machine safeguarding The combination of methods, requirements, machine guards, safeguarding devices, and other tools and practices used to keep employees safe from machine hazards.
machine table The surface on which stock or work is located and fixtured on many types of machines. The machine table is often capable of reciprocating movement.
mill A multi-point tool that is used to remove material from the surface of a workpiece.
Occupational Safety and Health Administration A government agency under the U.S. Dept. of Labor that helps employers reduce injuries, illnesses, and deaths in the workplace.
point of operation The area where the work actually takes place. It is the place where the tool and the workpiece converge.
positioning apparatuses Machine components, such as worktables or mechanical arms, that move in order to situate parts or tools.
potential energy Power that is stored or suppressed or that exists because of its position and the effects of gravity. Machines with large components that raise and lower, such as a press, contain potential energy that becomes kinetic energy when it is released.
power transmission apparatuses Machine components like belts and pulleys that translate energy, such as electricity, into motion.
presence-sensing device A mechanism used to detect the location of people or objects near hazardous areas of machine. Presence-sensing devices often use pressure-sensitive mats or light curtains.
presence-sensing mat A type of rug that contains sensors that detect weight or pressure. When placed on the floor around hazardous areas of the machine, these mats can sense an operator's presence and disengage the machine.
press A machine with a stationary base and an upper ram that moves along a vertical axis to shear, bend, or form sheet metal.
pullback device A wrist device that pulls the operator's hands away from the point of operation or other hazardous areas when the machine cycles.
punching action A combination of a reciprocating movement and a punch used to cut or form shapes into metal and other materials.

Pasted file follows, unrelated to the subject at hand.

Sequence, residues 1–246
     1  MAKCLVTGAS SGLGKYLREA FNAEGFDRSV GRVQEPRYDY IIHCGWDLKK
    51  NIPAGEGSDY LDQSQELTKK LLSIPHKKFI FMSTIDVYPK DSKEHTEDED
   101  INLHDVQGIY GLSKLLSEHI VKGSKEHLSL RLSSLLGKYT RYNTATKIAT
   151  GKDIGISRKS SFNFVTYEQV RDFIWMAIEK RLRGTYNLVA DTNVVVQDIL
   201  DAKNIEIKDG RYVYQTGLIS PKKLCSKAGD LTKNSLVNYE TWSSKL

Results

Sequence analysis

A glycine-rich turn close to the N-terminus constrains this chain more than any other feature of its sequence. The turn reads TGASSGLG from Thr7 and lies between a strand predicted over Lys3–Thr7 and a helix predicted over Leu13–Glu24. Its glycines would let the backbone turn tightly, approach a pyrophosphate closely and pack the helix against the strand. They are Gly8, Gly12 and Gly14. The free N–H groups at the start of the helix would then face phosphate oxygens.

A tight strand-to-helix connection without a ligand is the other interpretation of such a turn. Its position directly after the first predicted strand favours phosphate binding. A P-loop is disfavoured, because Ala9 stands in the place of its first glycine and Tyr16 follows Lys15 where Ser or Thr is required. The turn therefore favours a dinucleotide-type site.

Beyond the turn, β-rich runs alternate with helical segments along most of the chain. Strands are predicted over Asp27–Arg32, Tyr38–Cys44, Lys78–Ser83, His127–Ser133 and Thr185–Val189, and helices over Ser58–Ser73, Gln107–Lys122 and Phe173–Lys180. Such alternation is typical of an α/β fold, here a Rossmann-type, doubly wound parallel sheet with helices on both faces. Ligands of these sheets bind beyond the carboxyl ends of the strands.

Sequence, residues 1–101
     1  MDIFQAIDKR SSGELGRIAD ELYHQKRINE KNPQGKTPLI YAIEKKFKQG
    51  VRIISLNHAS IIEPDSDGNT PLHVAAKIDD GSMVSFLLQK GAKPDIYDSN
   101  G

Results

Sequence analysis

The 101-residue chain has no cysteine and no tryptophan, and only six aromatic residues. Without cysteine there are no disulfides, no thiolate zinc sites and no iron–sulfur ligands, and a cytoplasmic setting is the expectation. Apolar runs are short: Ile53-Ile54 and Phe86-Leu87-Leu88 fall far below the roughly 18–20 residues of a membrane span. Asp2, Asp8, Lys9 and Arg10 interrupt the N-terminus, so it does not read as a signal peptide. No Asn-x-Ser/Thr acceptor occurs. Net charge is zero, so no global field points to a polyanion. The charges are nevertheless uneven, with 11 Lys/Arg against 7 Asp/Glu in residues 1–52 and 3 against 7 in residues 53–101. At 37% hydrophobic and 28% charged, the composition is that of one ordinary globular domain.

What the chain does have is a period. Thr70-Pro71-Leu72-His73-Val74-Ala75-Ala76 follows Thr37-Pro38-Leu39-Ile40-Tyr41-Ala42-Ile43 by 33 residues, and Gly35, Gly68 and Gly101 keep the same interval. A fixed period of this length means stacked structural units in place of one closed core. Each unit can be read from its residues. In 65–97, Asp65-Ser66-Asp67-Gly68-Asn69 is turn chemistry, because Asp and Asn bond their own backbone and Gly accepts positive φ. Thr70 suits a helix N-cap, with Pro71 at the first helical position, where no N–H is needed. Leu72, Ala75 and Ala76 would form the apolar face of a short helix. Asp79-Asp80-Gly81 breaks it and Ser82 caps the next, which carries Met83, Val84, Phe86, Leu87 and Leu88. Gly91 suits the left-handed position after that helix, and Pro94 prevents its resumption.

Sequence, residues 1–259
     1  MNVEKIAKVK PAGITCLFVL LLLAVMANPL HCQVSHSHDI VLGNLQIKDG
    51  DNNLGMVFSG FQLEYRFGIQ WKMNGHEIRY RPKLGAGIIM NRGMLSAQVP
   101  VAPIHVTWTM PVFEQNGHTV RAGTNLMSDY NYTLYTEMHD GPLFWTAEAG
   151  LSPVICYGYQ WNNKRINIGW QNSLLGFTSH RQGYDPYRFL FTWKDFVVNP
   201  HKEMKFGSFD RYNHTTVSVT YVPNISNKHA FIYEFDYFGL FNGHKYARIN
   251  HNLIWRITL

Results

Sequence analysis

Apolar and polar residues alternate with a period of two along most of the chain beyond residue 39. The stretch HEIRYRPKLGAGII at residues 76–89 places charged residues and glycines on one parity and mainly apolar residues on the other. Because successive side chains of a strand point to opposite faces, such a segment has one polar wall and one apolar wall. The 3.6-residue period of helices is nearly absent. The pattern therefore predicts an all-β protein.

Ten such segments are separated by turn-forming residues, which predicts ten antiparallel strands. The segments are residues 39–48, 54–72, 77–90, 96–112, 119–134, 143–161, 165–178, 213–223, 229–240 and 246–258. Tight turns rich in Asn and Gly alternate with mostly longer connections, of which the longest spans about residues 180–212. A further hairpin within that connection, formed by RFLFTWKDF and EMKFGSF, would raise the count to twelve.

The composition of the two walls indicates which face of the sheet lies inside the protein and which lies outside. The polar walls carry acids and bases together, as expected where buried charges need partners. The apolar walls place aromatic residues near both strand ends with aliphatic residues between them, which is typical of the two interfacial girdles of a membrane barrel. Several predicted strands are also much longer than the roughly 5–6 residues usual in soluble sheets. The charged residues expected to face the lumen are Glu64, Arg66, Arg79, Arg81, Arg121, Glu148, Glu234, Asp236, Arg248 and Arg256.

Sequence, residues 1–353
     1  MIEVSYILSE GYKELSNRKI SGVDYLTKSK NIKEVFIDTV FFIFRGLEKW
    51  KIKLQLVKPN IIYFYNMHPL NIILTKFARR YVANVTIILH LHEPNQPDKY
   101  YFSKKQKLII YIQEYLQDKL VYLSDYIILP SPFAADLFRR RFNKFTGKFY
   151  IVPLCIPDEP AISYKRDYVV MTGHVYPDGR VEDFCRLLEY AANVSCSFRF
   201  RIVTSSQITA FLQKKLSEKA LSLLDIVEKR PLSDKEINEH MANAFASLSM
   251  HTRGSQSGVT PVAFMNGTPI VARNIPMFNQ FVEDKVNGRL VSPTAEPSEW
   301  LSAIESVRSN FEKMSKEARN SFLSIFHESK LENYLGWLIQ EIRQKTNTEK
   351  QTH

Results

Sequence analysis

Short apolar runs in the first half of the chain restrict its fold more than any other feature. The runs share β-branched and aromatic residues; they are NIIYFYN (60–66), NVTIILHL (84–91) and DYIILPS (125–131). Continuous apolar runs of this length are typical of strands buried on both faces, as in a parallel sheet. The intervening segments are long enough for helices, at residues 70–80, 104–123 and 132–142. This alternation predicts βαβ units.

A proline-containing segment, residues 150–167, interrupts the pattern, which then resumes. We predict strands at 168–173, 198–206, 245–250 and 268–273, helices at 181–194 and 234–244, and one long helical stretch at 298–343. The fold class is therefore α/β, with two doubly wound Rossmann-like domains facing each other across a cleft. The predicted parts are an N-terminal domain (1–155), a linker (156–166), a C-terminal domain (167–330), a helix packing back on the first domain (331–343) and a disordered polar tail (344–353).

push stick A device, often made of wood, that allows the operator to feed stock into the point of operation while keeping hands out of harm's way.
reciprocation Back-and-forth or up-and-down motion that can cause crushing or pinch-type injuries.
restraint device A wrist device that restrains the operator's hands and prevents them from crossing into the point of operation or other hazardous areas.
rotation Circular motion, such as with a spindle or wheel, that can catch body parts, clothing, or hair.
safeguarding device A switch, bar, sensor, or other mechanism that interrupts the machine's operating cycle to prevent workers or any parts of their bodies from entering dangerous areas during machine cycles.
self-adjusting guard A guard that covers the hazardous area until stock is pushed into the point of operation and moves the guard.
sensing device A mechanism that can detect the operator's entry or presence in a hazardous area and shut down the machine.
shearing action A combination of a downward movement and an angled blade used to separate metal and other materials.
stored energy Power that has not been used or dissipated. Stored energy can take many forms, such as unused electricity or tension in a spring.
tongs A scissor-like device that allows operators to place and remove stock or parts at the point of operation.
toolholder A mechanism used to rigidly hold a cutting tool in place during machining.
transversing Straight-line movement, such as with a belt or chain, that can catch body parts, clothing, or hair.
trip control A type of presence-sensing device that uses a trigger mechanism to disengage the machine when the operator accidentally or purposefully presses a bar, a wire, or another type of switch.
two-handed control A machine start mechanism that requires simultaneous and continuous pressure on two controls to activate the machine and keep it running.
two-handed device A machine start mechanism that requires simultaneous pressure on two separate controls to activate the machine or machine cycle.
two-handed trip device A machine start mechanism that requires simultaneous pressure on two separate controls to activate the machine or machine cycle. Once the machine starts, the operator may let go of the device and the machine will continue to run.
type A gate A moveable barrier that prevents operator access during the entire machine cycle.
type B gate A moveable barrier that prevents operator access while the cutting tool enters the part, but allows access as the tool exits the part.
wrist device Straps that connect the operator's wrists to specific points on the machine. The straps keep worker's hands out of the point of operation.